While high-redshift black holes are particularly challenging from a theoretical perspective, active galactic nuclei (AGN) in our local environment provide a relevant test case in order to probe the mechanisms for accretion and angular momentum transport in realistic systems. Observations reported the occurrence of circumnuclear disks and starburst rings in many of these systems. NGC 1068, the prototype AGN in our local neighborhood, has been explored in the stellar light (Telesco et al. 1984; Davies et al. 2007), but also in molecular gas and dust continuum by Schinnerer et al. (2000), Galliano et al. (2003, 2005), finding a 3 kpc-scale ring of molecular gas with intense star formation activity.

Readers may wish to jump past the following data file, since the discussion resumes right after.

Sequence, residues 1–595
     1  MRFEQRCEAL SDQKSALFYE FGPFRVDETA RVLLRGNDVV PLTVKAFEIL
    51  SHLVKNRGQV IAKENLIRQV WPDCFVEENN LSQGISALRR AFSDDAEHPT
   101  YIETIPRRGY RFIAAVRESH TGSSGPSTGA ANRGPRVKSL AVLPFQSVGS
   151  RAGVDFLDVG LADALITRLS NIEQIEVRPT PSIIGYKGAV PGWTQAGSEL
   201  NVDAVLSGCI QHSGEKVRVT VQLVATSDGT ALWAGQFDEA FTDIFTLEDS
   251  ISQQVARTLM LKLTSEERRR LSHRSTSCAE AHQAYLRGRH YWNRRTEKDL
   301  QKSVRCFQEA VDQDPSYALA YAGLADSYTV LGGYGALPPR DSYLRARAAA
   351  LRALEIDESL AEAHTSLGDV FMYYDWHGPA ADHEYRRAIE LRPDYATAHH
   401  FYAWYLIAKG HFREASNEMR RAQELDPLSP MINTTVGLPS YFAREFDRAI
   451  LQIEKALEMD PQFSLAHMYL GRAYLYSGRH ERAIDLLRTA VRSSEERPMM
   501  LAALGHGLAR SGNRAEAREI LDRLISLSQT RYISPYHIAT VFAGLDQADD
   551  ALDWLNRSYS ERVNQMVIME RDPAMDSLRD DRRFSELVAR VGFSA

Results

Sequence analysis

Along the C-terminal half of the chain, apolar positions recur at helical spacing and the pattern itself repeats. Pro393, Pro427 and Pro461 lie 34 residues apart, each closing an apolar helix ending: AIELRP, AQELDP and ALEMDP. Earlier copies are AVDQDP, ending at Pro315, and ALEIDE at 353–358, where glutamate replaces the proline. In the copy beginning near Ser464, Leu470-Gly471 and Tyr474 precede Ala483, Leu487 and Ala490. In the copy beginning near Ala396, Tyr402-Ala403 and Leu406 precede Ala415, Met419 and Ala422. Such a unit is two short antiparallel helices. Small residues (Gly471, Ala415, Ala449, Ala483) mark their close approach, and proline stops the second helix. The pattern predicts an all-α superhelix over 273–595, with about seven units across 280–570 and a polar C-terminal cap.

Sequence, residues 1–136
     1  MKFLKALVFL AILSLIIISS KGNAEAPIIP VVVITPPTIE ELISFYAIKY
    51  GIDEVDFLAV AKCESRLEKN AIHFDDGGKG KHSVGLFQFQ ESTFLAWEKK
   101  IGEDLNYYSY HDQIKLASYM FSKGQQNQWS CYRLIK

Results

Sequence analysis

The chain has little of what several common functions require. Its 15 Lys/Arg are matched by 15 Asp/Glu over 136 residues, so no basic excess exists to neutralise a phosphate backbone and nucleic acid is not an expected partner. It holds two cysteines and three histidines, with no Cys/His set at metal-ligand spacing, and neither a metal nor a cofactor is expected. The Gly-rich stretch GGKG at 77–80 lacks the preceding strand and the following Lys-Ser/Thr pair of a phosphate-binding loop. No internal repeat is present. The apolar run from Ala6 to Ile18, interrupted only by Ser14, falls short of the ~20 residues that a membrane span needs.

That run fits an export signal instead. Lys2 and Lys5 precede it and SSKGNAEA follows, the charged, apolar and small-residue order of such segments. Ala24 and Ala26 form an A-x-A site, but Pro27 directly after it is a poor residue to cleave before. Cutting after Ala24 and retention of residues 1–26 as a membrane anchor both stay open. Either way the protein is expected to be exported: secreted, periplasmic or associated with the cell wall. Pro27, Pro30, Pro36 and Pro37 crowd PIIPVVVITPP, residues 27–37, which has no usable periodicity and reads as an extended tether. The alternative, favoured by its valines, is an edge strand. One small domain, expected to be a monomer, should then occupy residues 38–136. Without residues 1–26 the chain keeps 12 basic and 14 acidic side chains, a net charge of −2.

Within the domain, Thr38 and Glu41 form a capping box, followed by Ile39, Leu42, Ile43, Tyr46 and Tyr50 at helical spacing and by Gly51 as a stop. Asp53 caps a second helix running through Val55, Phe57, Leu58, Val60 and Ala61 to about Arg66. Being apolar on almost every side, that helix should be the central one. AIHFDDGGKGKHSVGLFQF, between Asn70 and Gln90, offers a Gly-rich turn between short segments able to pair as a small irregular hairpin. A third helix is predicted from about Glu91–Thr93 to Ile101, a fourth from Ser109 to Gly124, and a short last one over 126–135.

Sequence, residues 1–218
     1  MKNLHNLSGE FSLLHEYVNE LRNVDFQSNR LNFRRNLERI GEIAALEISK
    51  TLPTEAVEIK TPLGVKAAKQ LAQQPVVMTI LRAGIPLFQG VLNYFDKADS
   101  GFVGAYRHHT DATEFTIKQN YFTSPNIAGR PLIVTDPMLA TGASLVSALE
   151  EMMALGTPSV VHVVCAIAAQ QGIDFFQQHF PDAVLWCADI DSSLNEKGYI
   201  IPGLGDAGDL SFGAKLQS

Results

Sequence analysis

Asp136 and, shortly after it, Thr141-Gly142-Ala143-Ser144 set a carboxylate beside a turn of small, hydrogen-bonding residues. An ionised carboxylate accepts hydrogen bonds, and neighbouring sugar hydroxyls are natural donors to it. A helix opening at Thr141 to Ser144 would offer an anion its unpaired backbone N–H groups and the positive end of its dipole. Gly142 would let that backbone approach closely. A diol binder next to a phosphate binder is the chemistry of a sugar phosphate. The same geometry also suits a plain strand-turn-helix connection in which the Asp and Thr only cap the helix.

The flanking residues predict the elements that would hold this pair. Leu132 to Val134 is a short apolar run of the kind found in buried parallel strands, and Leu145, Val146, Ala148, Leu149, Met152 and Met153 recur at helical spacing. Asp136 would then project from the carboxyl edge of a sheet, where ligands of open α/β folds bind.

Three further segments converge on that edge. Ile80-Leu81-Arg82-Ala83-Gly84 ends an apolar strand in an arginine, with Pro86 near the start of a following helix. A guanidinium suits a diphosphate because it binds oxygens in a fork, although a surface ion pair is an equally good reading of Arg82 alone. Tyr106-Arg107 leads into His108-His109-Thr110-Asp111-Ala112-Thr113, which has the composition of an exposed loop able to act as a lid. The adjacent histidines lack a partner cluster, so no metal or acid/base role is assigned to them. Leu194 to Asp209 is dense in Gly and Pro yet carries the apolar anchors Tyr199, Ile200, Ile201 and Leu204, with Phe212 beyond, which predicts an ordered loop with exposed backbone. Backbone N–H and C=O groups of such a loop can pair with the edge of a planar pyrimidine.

In a similar manner, NGC 1097 shows a molecular ring combined with intense star formation activity on scales of ~700 pc (Hummel et al. 1987; Telesco & Gatley 1981; Kotilainen et al. 2000), and the presence of dense gas has been inferred via CO and HCN observations by Kohno et al. (2003) and Hsieh et al. (2008). The latter indicate typical densities of 103 cm-3 and temperatures of ~100 K, comparable to the conditions in starburst galaxies (Wild et al. 1992; Aalto et al. 1995; Loenen et al. 2010). Indeed, more recent studies by Hsieh et al. (2011) have for the first time resolved individual giant molecular cloud complexes, allowing to test the correlation between molecular gas and star formation on more local scales. With ALMA1, accretion in these galaxies has now been probed down to scales of 40 pc (Fathi et al. 2013). Radio observations suggest the presence of strong magnetic fields with up to 60 μG, which may thus contribute to the accretion process (Beck et al. 1999, 2005).